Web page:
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Home Family Parenting Advice How to say goodbye to an au pair — Good Parenting

How to say goodbye to an au pair — Good Parenting

Au pairDear Dr. Debbie,

My children have enjoyed the attentions of a wonderful au pair who must return to her home country in a few short months. Going into this, my husband and I knew it would just be for one year, but I don’t think our children have any way to prepare for her leaving. We’re planning to sign on for another au pair and hope to be as lucky as we have been with this one. Any advice for easing the goodbye for everyone?

Grateful Mom

Don’t miss last week’s column Addressing a situation with a bully — Good Parenting

Dear Mom,

How nice that your family has benefitted from a cross-cultural childcare situation. For readers who are unfamiliar with au pairs, this arrangement provides room and board, and a bit of spending money (about $200 per week), for a young adult from another country who comes to serve as a nanny. Agencies who place au pairs provide screening to assure they are well suited and well prepared for the job. Agencies may also offer varying amounts of ongoing support. Some agencies arrange field trips so the au pairs can enjoy more of what their host country has to offer as well as discussion sessions so they can socialize with their peers. An au pair typically works more than a 40-hour week, which can include the use of the family car for outings with the children and shuttling them to activities. Quite naturally, strong bonds of affection can form between an au pair and his or her charges.

Help everyone mark the end of this period of time together, but also invest in keeping one another in your hearts.

Capturing memories

While there is still time before her departure, be sure to take plenty of photos and short videos. These will be treasured by your children as they recall the fun times they’ve had with her. Your children can refer to these visual records as reminders of what they did together and how they felt about having her in their lives. Make a photo album for the au pair and include drawings, notes and or dictations from your children to show her how much she has meant to your family.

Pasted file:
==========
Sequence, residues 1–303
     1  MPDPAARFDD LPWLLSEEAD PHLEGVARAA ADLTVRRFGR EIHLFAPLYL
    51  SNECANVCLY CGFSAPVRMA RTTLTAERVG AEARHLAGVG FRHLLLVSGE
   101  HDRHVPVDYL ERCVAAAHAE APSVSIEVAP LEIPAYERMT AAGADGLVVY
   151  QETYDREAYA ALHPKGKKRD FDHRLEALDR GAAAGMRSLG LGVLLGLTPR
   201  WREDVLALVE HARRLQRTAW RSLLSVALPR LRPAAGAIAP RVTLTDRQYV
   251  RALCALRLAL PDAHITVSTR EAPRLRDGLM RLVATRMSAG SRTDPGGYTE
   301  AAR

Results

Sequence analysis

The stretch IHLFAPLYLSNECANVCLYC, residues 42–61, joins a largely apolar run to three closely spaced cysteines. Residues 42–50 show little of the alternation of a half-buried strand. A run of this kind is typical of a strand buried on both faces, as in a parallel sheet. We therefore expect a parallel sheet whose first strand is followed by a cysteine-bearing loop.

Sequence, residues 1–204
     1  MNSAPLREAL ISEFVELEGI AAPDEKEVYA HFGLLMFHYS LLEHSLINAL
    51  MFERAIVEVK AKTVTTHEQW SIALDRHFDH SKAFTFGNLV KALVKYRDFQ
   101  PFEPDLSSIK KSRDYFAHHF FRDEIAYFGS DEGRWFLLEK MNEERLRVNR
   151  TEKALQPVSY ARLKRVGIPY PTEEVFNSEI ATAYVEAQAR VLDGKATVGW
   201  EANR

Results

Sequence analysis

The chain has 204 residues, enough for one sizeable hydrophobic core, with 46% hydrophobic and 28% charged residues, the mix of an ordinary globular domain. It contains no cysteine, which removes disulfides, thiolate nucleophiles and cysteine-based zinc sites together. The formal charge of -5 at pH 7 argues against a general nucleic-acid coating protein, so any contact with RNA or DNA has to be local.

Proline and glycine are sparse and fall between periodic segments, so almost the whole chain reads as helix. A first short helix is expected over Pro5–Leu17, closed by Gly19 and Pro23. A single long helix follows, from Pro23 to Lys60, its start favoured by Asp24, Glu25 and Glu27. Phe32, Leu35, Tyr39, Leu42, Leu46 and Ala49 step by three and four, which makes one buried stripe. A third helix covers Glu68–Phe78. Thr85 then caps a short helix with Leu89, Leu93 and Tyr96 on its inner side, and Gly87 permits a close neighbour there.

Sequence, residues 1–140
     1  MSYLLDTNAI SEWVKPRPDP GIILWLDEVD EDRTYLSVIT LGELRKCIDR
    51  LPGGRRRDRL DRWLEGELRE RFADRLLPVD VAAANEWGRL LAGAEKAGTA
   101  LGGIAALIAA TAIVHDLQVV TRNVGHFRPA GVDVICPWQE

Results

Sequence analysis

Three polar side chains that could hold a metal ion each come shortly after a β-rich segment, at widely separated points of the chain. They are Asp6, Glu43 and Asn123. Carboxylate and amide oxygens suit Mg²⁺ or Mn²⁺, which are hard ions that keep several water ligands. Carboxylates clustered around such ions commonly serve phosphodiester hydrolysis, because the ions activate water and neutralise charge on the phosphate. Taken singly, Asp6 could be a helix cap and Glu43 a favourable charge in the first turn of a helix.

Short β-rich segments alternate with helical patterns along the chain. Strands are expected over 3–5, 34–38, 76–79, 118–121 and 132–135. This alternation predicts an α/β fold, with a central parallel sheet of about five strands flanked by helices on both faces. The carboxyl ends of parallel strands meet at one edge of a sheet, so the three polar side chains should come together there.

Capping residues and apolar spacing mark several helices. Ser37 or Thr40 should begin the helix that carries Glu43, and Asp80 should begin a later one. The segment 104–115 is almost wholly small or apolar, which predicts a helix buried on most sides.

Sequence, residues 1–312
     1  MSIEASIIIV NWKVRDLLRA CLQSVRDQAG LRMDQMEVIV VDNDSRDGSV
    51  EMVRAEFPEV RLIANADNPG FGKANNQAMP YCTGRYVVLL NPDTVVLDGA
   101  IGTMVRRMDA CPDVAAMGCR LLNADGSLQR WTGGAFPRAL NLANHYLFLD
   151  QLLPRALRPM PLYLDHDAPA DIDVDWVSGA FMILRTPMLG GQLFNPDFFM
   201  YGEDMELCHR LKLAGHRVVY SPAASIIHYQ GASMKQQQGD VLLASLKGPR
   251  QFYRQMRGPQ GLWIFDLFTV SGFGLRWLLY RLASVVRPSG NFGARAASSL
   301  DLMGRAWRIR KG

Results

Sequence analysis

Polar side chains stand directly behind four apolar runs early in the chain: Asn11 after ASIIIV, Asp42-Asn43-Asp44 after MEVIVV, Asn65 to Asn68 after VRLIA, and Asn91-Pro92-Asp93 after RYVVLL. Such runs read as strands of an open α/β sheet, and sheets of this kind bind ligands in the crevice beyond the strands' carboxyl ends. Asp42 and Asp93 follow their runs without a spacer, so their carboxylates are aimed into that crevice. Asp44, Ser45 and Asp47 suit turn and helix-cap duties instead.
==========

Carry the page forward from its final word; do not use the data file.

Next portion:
Farewell fanfare

Plan a special farewell meal for the day before you take her to the airport. The children can contribute to making parts of the meal if they are able. Include neighbors, extended family members and maybe some au pair friends who have been part of the au pair’s year with your family. Guide the children to make cards for her and perhaps plan a song or speech to present at this auspicious occasion. Help them recall what they have enjoyed the most about their time with her so they can express their appreciation before she leaves.

Holding tight

There are many ways to hold on to a good relationship. With Skype and e-mail, the miles are easily bridged. Some host families maintain ties with their au pairs for many years. You might look forward to her returning for a visit or you might plan a family trip to visit her in her own country. When your children hit special milestones, be sure to send an announcement. As they mature, your children can play more of a role in keeping in touch. Likewise, knowing how much your family cares about her, your au pair will keep you in the loop as she continues her life’s journey.

Consider this year as a beginning. The world is a smaller, friendlier place when we establish loving connections to special people who carry our love with them wherever they may be.

Dr. Debbie

Deborah Wood is a child development specialist in Annapolis. She has a doctorate in Human Development from the University of Maryland at College Park and is founding director of the Chesapeake Children’s Museum. Long-time fans and new readers can find many of her “Understanding Children” columns archived on the Chesapeake Family Magazine website. You can find her online at drdebbiewood.com.

Click here for more parenting advice by Debbie Wood.

What do you think? Leave your thoughts in the comments or submit a question to Dr. Debbie at Betsy[at]jecoannapolis.com.

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